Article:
Pub. date: 2002 | Online Pub. Date: September 15, 2007 | DOI: 10.4135/9781412950664 | Print ISBN: 9780761922582 | Online ISBN: 9781412950664| Publisher:SAGE Publications, Inc.About this encyclopedia
Todd R. Clear & Harry R. Dammer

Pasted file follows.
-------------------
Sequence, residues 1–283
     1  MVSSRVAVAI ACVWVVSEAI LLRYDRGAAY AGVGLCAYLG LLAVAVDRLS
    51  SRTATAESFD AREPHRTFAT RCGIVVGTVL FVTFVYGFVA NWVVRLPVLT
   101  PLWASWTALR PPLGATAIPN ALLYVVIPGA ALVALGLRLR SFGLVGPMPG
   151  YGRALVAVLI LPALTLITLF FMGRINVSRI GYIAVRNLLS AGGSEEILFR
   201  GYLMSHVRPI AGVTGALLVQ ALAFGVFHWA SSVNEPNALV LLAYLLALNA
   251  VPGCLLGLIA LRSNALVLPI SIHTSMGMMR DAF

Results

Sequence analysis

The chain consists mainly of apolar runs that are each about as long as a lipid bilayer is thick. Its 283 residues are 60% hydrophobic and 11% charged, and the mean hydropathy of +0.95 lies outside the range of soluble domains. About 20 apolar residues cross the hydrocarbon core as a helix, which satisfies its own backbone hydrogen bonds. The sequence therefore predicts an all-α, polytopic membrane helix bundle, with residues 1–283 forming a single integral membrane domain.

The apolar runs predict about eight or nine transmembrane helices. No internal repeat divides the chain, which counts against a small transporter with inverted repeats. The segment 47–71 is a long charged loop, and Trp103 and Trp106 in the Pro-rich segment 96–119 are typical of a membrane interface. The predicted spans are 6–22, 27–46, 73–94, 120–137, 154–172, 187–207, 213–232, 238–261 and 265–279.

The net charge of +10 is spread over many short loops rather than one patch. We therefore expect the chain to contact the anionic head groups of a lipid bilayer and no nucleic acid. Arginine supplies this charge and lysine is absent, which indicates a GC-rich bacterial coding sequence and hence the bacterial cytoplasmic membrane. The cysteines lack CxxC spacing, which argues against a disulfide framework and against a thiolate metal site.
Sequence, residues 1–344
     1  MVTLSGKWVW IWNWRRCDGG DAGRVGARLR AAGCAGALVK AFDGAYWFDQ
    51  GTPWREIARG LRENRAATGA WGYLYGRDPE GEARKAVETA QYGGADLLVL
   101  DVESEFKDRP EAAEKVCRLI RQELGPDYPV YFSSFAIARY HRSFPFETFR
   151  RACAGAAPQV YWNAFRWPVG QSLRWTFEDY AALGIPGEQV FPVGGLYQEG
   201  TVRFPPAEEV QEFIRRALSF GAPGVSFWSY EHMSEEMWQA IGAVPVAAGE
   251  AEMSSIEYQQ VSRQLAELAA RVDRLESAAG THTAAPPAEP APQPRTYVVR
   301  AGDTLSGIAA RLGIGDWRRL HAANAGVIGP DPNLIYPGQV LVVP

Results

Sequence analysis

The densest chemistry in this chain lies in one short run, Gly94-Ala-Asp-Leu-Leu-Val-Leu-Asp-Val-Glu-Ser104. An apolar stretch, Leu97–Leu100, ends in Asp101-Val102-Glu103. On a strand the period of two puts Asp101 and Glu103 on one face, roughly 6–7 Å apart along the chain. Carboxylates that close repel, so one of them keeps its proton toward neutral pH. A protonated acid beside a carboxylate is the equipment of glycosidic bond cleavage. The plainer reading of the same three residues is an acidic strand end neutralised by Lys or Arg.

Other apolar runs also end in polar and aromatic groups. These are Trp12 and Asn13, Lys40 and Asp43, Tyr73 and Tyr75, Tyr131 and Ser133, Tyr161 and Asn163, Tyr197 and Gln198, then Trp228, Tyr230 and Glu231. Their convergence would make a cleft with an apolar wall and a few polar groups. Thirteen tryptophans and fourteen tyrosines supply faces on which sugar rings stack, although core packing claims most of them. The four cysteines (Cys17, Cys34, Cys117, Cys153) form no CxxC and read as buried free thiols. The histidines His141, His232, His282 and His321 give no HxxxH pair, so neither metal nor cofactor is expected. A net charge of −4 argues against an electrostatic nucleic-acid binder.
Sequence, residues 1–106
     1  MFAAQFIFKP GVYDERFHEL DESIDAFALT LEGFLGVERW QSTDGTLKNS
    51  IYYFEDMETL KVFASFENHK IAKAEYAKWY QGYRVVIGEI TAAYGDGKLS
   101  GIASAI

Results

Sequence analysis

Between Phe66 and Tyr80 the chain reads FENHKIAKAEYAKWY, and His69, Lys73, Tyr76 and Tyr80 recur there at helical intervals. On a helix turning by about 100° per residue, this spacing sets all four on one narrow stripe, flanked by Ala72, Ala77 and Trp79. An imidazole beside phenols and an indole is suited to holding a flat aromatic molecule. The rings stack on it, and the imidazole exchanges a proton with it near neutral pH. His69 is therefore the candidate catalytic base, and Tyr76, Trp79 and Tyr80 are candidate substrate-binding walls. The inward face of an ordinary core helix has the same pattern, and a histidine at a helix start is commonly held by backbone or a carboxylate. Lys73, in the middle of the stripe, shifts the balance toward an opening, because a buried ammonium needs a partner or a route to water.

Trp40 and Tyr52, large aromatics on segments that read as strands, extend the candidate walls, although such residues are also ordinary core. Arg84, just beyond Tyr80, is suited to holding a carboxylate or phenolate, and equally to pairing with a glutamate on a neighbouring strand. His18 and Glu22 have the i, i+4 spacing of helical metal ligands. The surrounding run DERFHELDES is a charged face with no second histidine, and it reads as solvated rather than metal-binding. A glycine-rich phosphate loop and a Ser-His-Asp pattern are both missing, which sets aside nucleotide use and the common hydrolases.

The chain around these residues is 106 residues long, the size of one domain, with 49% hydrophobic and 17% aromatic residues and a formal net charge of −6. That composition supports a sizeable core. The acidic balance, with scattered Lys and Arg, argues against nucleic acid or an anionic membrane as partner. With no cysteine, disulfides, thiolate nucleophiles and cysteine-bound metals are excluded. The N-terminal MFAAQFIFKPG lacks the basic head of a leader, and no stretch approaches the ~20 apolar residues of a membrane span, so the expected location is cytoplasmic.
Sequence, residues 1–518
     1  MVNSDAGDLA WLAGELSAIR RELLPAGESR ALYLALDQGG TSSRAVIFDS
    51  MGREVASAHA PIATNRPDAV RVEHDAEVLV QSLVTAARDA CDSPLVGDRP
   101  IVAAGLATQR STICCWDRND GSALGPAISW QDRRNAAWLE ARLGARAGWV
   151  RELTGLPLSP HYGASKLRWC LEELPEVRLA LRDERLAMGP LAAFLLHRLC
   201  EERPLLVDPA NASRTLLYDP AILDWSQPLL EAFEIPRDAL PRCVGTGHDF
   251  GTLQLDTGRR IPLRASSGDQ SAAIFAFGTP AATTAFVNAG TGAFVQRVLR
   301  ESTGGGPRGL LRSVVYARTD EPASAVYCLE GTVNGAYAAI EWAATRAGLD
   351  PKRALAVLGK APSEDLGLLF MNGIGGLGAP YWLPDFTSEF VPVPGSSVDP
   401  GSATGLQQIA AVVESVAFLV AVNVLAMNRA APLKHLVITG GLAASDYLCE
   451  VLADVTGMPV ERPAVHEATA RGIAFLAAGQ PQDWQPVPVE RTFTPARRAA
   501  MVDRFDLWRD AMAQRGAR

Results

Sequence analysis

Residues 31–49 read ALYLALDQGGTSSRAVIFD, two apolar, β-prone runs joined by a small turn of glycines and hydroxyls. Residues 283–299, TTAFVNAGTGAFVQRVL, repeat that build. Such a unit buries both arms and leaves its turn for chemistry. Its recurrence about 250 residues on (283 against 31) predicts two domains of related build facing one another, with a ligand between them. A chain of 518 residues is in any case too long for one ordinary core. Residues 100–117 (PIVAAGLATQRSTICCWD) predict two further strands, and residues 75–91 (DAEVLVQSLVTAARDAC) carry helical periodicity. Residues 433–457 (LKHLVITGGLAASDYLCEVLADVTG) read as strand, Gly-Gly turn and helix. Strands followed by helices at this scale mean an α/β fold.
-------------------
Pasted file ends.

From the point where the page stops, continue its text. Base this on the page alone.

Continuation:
Probation is by far the most extensively used form of corrections in the United States. Nearly 60 percent of all adults under correctional authority are serving probation sentences. In 1999, this figure represented more than 3,400,000 persons. Probation is traditionally defined as a criminal sentence allowing the offender to serve the sanctions imposed by the court while living in community under supervision. All penal codes restrict the availability of probation to certain types of offenses and certain offenders—usually first-or second-time felons convicted of property crimes, or violent offenses involving impulsive, unarmed acts of aggression. Legislation that provides for probation specifies the conditions under which the judge “may” impose a term of probation: Probation is a discretionary privilege offered by the court, not a right of the offender who meets the criteria. Laws never compel the decision by indicating specific offenses or offenders for which the judge “shall” choose probation. Instead, ...